The Multiplier Effect—When Recalls Go Big

When a recall happens, it can often affect multiple products, brands, regulatory bodies and geographies

Todd Harris
Todd Harris

As the global supply chain continues to grow, so too does the risk of potential problems and disruptions. One such disruption is when a recall occurs at the supplier level. Many manufacturers are unaware of the dramatic impact that this type of recall can have on an entire industry.

When a recall happens at the supplier level, it can often expand over time and affect multiple products, brands, regulatory bodies and geographies. This is known as the multiplier effect, a supply chain nightmare that was particularly evident in the first quarter of 2015.

A good example of this type of recall is the cumin spice recall that started in December of 2014 and rippled through the supply chain through the first quarter of 2015. The spice had undeclared peanut allergens, and ended up affecting 100 brands, 153 products and 769 products with different packages. Affected products included everything from taco kits and cajun seasoning to beef and chicken.

It’s easy to see how complicated it can be pulling 769 products off the shelves and removing them from the supply chain. Consumer notification also becomes an issue, as consumers could never keep track of that many recalled labels. The end result is that any products involved in the recall can take a hit as consumers avoid potentially affected products all together.

Unfortunately, there’s no industry that is immune to the multiplier effect, so it’s important that manufacturers across the board look closely at the supply chain when assessing recall risk and prepare for the eventuality of a recall.

The key takeaway is that clear communication is crucial. Consumers are not only dealing with safety concerns with your products, but those of other products as well. It’s simply not enough to issue a press release and call it a day. Organizations must provide up-to-date information and stay vigilant on social media to maintain constant two-way communication with consumers.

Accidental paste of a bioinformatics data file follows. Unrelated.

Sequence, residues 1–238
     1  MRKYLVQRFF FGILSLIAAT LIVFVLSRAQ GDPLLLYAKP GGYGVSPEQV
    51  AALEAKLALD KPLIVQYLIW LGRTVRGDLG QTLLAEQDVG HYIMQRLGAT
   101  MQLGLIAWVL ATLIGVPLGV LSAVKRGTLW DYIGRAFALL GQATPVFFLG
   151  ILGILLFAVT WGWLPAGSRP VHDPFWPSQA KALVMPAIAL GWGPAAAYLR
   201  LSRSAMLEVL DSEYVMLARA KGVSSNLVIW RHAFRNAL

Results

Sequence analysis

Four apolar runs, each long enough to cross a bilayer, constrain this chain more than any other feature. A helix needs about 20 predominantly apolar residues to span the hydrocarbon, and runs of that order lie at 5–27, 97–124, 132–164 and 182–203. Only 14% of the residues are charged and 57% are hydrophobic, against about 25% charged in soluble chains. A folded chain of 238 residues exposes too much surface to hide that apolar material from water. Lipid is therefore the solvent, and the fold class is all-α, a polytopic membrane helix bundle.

Frustrations with recalls can mount quickly. Even more so with the multiplier effect, recalls often lead to widespread product shortages that can leave consumers waiting for longer periods than normal. This can escalate consumer frustration if companies don’t get ahead of the issue and communicate future plans. This is especially true in the pharmaceutical industry in which product shortages can have a direct impact on someone’s health. So while it may not be possible to replace the affected product right away, a somewhat unique step in the recall process is to communicate what consumers can expect in the immediate future so they can plan accordingly, and if possible, find alternatives in the interim.

With supplier-related recalls, it’s also important to remember that the competition is often dealing with the same issue. While that tends to deflect pressure off of any single brand, it also gives consumers a frame of reference on how a company handles a recall. If a brand can manage the recall better than the competition, it can actually leverage that to help build brand loyalty. On the flip side, if it runs into issues, it is more obvious and can lead to a more severe impact to the brand than with the average solitary recall. So it’s a double-edged sword that rewards preparedness and efficiency, but usually punishes those caught off guard.

Before a company is hit with the multiplier effect, they should also assess their reliance on supplier materials and balance that with their recall insurance coverage. Policies vary greatly, especially throughout different industries—so make sure it’s clear who would be accountable for related losses and assess that risk accordingly. It’s also important to incorporate potential supplier-related recalls into the business plan and identify alternative sources, even if they aren’t immediately used.

If caught off guard, being hit by the multiplier effect can be a hard pill for any company to swallow. With high-profile recalls taking place in the auto and food industries on a regular basis, the multiplier effect continues to plague the supply chain. However, by planning ahead, an organization can turn a potentially devastating supplier-related recall into a competitive advantage as it speeds ahead of others caught up in the complexity of a floundering supply chain.